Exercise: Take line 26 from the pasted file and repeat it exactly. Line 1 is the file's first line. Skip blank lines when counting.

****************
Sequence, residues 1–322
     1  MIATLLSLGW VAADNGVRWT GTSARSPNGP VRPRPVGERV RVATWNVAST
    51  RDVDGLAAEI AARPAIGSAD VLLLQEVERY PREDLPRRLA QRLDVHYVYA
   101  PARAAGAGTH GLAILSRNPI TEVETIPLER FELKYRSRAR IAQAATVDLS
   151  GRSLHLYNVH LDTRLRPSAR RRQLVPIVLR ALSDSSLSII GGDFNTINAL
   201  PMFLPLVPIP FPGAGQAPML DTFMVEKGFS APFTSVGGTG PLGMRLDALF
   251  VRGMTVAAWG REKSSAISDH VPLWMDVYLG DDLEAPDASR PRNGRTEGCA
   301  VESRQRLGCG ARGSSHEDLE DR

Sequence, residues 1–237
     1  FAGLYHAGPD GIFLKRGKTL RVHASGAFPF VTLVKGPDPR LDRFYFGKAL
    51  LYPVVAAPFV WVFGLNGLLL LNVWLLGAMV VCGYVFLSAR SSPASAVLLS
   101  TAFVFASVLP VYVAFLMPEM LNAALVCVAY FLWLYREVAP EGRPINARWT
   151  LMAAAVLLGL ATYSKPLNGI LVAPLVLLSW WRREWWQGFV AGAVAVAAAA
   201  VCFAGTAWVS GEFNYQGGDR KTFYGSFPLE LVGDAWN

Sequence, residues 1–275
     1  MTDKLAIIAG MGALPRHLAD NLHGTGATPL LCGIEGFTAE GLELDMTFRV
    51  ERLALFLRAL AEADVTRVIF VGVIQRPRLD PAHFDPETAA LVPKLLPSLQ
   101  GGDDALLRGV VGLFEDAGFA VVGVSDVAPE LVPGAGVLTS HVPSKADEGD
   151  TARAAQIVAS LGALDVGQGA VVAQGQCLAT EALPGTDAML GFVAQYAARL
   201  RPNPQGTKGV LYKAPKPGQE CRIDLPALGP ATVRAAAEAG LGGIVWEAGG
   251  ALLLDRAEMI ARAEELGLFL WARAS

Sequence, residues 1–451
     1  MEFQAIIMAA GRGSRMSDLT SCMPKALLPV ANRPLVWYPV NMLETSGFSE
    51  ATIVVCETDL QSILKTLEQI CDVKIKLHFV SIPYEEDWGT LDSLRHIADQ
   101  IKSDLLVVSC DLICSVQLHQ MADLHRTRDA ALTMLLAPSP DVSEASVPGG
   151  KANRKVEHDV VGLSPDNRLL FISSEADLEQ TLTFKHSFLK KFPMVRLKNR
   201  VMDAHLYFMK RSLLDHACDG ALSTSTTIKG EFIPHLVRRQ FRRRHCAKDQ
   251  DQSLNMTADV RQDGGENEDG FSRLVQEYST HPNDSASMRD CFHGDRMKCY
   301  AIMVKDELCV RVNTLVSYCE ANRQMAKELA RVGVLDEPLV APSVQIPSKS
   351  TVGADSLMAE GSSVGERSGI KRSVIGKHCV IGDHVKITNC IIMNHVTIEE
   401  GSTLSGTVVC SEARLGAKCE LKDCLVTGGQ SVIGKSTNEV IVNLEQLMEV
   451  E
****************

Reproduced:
   151  KANRKVEHDV VGLSPDNRLL FISSEADLEQ TLTFKHSFLK KFPMVRLKNR